April 18, 2024

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Noteworthy Issues: Dark Nights: Death Metal Rise Of The New God #1 (October, 2020)

The Batman Who Laughs battles Perpetua, but that might not be important right now.

Oh great.  An issue about the Batman Who Laughs now that he’s a cosmic-powered being?  Just what I am least interested in.

Oddly enough, the same is true for the comic itself.

Issue:  Dark Nights: Death Metal Rise of the New God #1, October 2020

Writers:  James Tynion IV and Bryan Hill

Artists:  Jesus Merino, Nik Virella, and Vincente Cifuentes

The Plot:  A visitor from outside the DC multiverse appears to chronicle its last days.

Commentary:  Oh, I am so sick of the Batman Who Laughs.  He’s obnoxious, and his general “I can’t be beaten” manner makes him more tiresome than formidable.  Even the issue summary on DC Infinite seems to get that, saying that there’s a rule in the multiverse that Batman never loses.

Batman can lose sometimes.  It’s OK.  I’ve seen it happen.  He’s never as unstoppable as these Dark Multiverse Batmen always seem to be.

Regardless, I think writer James Tynion maybe gets that too.  He and Death Metal mastermind Scott Snyder worked together quite a bit, and he makes a good back-up writer to whatever big saga Snyder is working on.  So, as much as this issue opens with the Batman Who Laughs, now called the Darkest Knight, rising up to slam planets into Perpetua’s face as he thinks he’s the one in charge now, and even given what the title is, this is really about a being called the Chronicler.  He’s a weird alien that works for whoever is behind the multiverse, the beings that sent Perpetua off to create the DC multiverse in the first place and that contained her behind the Source Wall when she didn’t voluntary fizzle out of existence as she was supposed to when her creation work was done.  As such, the issue is really about, well, the history of the DC multiverse, like so many of these side issues have been.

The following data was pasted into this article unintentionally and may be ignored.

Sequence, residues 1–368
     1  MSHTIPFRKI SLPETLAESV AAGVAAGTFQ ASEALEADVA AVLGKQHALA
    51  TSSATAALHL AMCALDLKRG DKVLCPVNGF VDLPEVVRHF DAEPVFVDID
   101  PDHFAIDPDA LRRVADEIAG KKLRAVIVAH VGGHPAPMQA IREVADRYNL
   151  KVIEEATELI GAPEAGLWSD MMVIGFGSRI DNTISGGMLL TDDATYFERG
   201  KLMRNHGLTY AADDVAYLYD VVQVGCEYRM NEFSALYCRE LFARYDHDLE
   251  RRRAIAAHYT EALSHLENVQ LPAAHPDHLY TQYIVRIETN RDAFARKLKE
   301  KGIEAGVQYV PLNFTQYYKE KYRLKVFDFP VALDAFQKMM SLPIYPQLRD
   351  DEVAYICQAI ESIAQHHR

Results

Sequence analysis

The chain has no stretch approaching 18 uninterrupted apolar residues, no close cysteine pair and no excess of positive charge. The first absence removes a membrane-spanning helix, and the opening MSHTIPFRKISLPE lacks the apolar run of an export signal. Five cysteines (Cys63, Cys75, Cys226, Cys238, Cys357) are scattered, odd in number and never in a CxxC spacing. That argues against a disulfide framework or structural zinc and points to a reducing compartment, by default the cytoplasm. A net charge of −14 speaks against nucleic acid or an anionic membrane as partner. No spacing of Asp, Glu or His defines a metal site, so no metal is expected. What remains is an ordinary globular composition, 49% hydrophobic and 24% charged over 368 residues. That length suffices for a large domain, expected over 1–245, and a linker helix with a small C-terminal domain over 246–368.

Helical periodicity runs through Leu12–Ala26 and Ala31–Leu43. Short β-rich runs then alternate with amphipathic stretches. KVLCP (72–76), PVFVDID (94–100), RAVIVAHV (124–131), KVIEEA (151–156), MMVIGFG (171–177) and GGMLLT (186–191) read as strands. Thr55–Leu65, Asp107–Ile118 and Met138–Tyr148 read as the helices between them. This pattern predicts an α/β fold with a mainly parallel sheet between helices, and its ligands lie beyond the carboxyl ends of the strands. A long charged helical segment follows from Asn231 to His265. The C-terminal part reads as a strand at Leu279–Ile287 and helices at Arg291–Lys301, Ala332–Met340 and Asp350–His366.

See, the Chronicler’s whole job is to gather information on why this multiverse is ending.  Normally, when he does that, it’s just boring old entropy.  Here, it’s something else:  superheroes.  That’s colorful, but it’s not the same thing, and the Chronicler still has a job to do, extracting knowledge and information from the three beings who have the history of the multiverse in their collective heads, namely the Psycho Pirate, the only being who remembers life before the first Crisis; Brainiac 2, who has his father’s data on cosmic stuff; and finally a revived Metron, who just collected information from the dawn of time.

And then the Chronicler decides to stick around and help for some reason.  Will I see this guy in another issue?  I don’t know.  I somewhat suspect not.  Regardless, this one felt like something of a time waster.

Oh, and the back-up story has the Green Lanterns returning from their own mission and, seeing a need for reinforcements, asking how many of the assembled heroes from across the multiverse would like a Green Lantern ring.

So, not a bad issue, but also something that feels like a pointless one.  I even liked the set up.  I just don’t see how this adds anything to the narrative whole.

Grade:  C+